The group VoteOnThePier has given little indication of where they’re at in a petition drive seeking to require a voter referendum for any major construction or demolition projects on downtown waterfront. But an uptick in activity on the group’s Facebook page indicates the fight is far from over.
The May 13 post displayed a photo with St. Pete Public Works Administrator and the Pier Selection Committee chair dressed as a king sitting on a throne with a link to an article critical of Pier Park and the selection committee’s dismissal of Destination St. Pete Pier, which would have been a revival of the current inverted pyramid the group wants to save.
That post came just a few weeks after Connors and his selection committee voted on Pier Park, a design that reuses some structural parts of the existing Pier, but that reimagines the waterfront space with more green use.
The next post on the group’s Facebook page didn’t come until earlier this month. On July 6 there was a post linking to a Tampa Bay Times story about opposition for Pier Park gathering. The post read, “we are still here, working behind the scenes.”
Since that post, there have been other links, photos and commentary put up almost every day.
The most recent post is critical, again, of Connors. It links to an op-ed written by Eugene Webb about the various failings of Connors and the Rick Kriseman administration’s decision to pull him as the head from some departments. That post showed up on the group’s Facebook page Monday.
Between July 6 and now there have been multiple posts on multiple topics all critical of the city’s current and past process, a process that appears to be moving swiftly toward the demolition of the inverted pyramid.
When City Council approved contracts earlier this month with Pier Park designers and for the demolition of the Pier, including the inverted pyramid, the group posted another post by Eugene Webb arguing the Kriseman administration first manipulated the Pier process and then manipulated City Council. Webb’s piece asked why the city was in such a Rush. He answered, “The rush is all about getting ahead of a potential referendum.”
If successful, the referendum could, hypothetically, bar the city from moving forward with demolition, but organizers of that effort are racing against a tough clock.
Demolition of the inverted pyramid stalled earlier this month when the U.S. Army Corps of Engineers stepped in saying the city required permits from them in order to demolish the structure at the end of the Pier. Connors had previously claimed the city needed only internal permits that had already been acquired.
The city is prepared to begin demolition as soon as those permits are acquired and there’s little indication of when that could be. According to city staff it could be as little as about a month.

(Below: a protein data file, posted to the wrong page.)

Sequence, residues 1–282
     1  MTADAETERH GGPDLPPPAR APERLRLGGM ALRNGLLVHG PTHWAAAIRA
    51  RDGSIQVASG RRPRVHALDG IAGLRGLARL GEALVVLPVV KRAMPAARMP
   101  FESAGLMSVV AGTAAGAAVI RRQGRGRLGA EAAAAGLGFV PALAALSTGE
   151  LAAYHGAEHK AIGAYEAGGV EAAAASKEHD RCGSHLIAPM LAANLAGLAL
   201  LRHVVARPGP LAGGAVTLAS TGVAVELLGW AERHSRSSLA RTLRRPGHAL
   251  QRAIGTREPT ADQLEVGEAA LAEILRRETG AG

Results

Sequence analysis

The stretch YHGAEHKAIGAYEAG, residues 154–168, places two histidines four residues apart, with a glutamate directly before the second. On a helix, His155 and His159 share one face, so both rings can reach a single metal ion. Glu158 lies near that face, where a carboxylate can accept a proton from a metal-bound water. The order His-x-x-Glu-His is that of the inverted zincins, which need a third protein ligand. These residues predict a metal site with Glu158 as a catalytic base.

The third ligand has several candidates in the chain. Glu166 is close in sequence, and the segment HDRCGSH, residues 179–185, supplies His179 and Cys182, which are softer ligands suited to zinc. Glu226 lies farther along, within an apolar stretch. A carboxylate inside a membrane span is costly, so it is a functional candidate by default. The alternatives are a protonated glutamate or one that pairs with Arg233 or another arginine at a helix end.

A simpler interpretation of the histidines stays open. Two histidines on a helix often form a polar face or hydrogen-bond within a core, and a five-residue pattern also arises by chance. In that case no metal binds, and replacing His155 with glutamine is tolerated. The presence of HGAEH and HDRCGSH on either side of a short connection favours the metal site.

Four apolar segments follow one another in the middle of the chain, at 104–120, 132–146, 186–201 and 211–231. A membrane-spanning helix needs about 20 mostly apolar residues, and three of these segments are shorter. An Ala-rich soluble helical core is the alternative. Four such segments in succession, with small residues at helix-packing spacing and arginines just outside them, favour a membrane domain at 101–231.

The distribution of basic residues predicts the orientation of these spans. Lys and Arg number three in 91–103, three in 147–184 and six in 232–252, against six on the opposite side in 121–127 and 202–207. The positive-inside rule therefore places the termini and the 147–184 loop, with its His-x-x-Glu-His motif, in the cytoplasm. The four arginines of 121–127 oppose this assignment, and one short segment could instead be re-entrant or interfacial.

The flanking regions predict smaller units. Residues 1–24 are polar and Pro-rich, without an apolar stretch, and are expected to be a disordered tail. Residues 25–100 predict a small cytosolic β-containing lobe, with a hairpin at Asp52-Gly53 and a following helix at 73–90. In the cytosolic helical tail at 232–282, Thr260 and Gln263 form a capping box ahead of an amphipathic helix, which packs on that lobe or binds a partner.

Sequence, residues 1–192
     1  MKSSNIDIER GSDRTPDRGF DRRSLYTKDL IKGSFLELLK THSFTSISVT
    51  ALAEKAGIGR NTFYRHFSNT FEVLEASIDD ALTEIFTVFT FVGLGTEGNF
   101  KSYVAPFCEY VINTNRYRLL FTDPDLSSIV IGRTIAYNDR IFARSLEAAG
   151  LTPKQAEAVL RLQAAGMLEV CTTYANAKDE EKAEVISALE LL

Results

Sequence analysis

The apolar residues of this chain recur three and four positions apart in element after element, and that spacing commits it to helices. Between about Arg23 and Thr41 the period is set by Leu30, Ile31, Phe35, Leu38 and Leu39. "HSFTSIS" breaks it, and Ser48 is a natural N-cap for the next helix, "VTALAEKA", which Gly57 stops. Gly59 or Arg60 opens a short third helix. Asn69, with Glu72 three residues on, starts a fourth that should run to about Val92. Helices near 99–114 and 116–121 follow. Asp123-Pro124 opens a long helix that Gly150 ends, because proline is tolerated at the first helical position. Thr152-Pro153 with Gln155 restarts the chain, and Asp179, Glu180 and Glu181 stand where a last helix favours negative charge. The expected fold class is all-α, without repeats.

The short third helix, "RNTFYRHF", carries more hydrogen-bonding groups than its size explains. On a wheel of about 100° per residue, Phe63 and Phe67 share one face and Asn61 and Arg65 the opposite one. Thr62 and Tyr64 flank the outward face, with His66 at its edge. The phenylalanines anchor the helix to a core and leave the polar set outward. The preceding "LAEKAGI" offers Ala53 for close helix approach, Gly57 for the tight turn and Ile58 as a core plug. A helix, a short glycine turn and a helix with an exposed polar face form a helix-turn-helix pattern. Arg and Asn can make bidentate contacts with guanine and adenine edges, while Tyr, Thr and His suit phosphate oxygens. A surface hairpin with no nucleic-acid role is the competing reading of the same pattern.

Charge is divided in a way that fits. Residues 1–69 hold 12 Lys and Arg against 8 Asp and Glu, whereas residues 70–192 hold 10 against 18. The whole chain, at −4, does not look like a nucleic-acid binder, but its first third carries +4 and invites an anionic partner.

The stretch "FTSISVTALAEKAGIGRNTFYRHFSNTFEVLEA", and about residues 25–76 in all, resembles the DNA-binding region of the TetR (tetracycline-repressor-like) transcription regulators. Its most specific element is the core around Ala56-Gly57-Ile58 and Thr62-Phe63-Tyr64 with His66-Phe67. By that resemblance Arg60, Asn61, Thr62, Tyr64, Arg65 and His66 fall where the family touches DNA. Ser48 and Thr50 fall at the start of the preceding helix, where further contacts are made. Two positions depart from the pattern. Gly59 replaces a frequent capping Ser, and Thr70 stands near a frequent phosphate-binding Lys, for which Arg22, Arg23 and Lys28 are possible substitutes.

And the city is under no obligation to see how the petition effort plays out. If they get the required permits before the question is put to voters, there’s nothing petitioners could do to save the structure.
They would have to gather the required number of petition signatures, about 16,000 are needed, have those signatures verified by the Supervisor of Elections and then schedule the measure for an election. Even if there aren’t any legal challenges to the ballot language included on the signature, as there were with the initial effort to kill the Lens back in 2013, the process of getting the issue before voters would likely take more time than it would for the city to get its demolition petitions in order.
Perhaps that is why there is little mention of the actual petition effort on the group’s Facebook page. Each post, instead, is critical of the Pier process, the ultimate decision and anything else up to and including the latest fence-around-the-Pier debacle.
The group posted a photo of alleged tourists squeezing through a fairly large gap in the fence and accessing the part of the Pier supposed to be closed to visitors. Another post showed a WTSP report highlighting the same issue that also included a period of time in which the fence was just straight up opened.
There’s a July 10 post linking to an op-ed written by Ellen Kirkland in which she said voters are “getting screwed twice” by the city’s current plan because taxpayers would be “first paying for and fighting the court battle against ourselves and then ultimately going to referenda anyway.”
That statement assumes A, that the petition gatherers will get enough signatures to put the issue to voters and, B, that the measure will pass at the ballot box.
All other uphill battles ignored, the question then becomes, will there be the same support for this potential referendum as there was for the effort to kill the Lens.
Ask two different people on either side of the issue and you’ll probably get two different answers. Those hoping to save the inverted pyramid are supremely confident that voters want a say in major waterfront projects. Those who favor Pier Park and moving forward with the process are more likely to say, as the Mayor famously did, people just want to “build a damn Pier.”
Either way, the activity on VoteOnThePier’s Facebook page indicates this could very well be an issue that creates single term Mayors. Kriseman was doomed from the start. If he kept the inverted pyramid he’d piss off a horde of residents who think it’s ugly, outdated and needs to go. If continues supporting the process and moving forward, he’s going to have a whole different group calling for his head as was done on July 15 when a supporter wrote not only that Kriseman needed to go, but also the entire City Council.
VoteOnThePier may have an uphill battle to reach its goal, but it’s quite clear the opposition to Pier Park is not going away anytime soon and, just like in 2013, the issue is going to be dream fodder for reporters and likely a nightmare for City Council.